Foam Food Container
Siu mei with rice in a foam takeout container
Khanom krok, Thai doughnuts with egg and coconut fillings in a foam container

A foam food container is a disposable container for various foods and beverages, such as processed instant noodles, raw meat from supermarkets, ice cream from ice cream parlors, cooked food from delicatessens or food stalls, or beverages like "coffee to go". They are also commonly used to serve takeout food from restaurants, and are also available by request for diners who wish to take home the remainder of their meal . The foam is a good thermal insulator, making the container easy to carry as well as keeping the food at the temperature it had when filled into the container, whether hot or cold.

Construction and composition

Foam take-out containers are made from EPS foam, or another type of polystyrene foam, and produced by injecting the foam into a mold. They are usually white in color, although they may be printed or impressed with a company logo or other message.

Incorrectly referred to as Styrofoam, which is a trademark of The Dow Chemical Company for closed-cell extruded polystyrene foam currently made for thermal insulation and craft applications. The term is often incorrectly used as a generic term for expanded (not extruded) polystyrene foam, such as disposable coffee cups, coolers, or cushioning material in packaging, which are typically white and made of expanded polystyrene beads.[1]

This is a different material from the extruded polystyrene used for Styrofoam house insulation[]. The polystyrene foam used for craft applications, which can be identified by its roughness and by the fact that it "crunches" when cut, is moderately soluble in many organic solvents, cyanoacrylate, and the propellants and solvents of spray paint, and is not specifically identified as expanded or extruded. Another tradename for expanded polystyrene is thermacol, originated by BASF.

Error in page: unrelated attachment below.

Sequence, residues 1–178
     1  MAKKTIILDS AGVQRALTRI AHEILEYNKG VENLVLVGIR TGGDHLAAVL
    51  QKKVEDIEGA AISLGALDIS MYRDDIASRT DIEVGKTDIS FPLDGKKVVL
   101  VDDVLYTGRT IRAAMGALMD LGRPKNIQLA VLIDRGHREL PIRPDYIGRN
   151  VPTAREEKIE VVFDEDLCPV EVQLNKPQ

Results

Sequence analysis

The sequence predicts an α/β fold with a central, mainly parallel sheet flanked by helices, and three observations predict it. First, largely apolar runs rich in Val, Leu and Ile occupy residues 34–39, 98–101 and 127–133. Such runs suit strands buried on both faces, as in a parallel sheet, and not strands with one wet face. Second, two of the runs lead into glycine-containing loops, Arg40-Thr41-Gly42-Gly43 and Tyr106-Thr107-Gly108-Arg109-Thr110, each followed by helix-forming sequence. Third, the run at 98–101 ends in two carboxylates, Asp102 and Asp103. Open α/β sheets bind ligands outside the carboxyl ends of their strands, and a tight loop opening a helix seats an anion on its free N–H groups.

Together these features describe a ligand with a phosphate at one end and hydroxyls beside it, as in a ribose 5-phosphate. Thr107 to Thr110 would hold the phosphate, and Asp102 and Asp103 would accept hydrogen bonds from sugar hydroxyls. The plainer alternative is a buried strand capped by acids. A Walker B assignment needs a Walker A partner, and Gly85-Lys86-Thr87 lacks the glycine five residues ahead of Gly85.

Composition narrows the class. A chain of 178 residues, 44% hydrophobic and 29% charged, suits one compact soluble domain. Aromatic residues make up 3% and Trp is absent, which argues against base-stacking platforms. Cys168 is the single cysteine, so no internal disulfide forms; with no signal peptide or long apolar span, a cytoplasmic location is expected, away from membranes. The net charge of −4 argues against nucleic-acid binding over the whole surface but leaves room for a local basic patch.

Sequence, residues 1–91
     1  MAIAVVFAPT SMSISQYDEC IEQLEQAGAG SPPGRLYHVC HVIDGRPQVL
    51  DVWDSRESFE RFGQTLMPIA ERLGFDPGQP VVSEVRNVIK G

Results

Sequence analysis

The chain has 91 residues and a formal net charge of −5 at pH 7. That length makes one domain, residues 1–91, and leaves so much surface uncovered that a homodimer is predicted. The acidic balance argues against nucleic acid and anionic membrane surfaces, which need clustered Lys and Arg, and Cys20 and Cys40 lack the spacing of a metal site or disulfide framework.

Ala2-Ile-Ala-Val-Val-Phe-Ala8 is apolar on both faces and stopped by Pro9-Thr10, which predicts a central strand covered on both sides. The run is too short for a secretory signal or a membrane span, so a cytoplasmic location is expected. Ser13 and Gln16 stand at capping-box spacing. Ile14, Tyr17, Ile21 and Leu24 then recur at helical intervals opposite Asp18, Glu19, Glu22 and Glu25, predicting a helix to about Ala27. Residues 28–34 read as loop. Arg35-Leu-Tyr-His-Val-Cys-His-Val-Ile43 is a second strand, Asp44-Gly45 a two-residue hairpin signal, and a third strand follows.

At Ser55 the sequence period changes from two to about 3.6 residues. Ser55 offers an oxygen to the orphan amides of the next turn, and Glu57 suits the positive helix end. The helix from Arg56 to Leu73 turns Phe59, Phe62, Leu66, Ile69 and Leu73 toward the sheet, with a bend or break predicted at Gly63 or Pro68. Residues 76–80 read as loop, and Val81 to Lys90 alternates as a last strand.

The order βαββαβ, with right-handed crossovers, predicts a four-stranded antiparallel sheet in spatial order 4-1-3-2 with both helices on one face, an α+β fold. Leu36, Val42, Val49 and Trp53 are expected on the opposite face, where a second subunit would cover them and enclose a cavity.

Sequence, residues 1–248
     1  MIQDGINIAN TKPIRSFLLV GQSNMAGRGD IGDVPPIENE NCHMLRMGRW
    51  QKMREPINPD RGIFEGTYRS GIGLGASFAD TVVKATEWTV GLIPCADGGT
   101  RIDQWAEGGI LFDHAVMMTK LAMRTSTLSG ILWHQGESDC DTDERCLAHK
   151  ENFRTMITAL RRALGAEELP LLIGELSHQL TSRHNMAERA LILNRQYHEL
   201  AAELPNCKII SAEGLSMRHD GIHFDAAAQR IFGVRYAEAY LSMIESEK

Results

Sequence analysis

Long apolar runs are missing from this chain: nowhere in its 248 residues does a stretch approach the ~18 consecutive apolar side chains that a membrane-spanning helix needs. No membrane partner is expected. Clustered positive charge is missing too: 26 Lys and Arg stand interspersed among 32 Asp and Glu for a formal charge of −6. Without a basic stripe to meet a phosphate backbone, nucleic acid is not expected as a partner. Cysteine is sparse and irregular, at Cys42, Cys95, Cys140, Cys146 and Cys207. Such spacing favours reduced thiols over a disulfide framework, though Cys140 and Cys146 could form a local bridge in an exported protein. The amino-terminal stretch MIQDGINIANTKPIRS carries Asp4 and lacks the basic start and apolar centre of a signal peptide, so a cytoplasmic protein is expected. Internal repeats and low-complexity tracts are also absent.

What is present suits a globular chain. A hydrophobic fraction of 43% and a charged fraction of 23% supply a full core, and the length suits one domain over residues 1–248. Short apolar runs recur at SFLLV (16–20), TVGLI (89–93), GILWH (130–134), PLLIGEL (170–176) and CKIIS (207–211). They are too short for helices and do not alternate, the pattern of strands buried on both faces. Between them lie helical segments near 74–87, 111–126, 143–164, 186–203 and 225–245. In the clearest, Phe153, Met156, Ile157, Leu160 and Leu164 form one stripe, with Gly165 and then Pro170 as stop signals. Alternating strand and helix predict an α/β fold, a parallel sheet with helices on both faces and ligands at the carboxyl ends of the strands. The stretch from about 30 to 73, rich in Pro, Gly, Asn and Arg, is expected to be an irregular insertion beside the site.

Varieties

The different varieties of foam takeout containers may include:

  • A rectangular shaped clamshell style container with an attached lid, which comes in various sizes. The larger ones usually feature several compartments, allowing different foods to be kept separated from each other. This variety usually features several small projections on the lid of the container, which fit through slots on the bottom half to "lock" it, therefore keeping the cover closed. These containers are leak-resistant only if kept upright, and often have a square imprint area for labeling.
  • A cylindrical style container with a separate, translucent or opaque plastic lid which can seal tightly to resist leaks. The container may or may not taper somewhat towards the bottom. Both overall size and the ratio of height to diameter can vary greatly. Such containers usually hold soups and stews; however, smaller varieties are often used to hold sauces and condiments.

Chinese cuisine

Foam containers are the most commonly used takeout box for Chinese cuisines in East and Southeast Asia. It is standard for Cantonese cuisine in Hong Kong and many parts of China and sometimes used overseas in various restaurants, particularly in the United States and Canada.

Environmental issues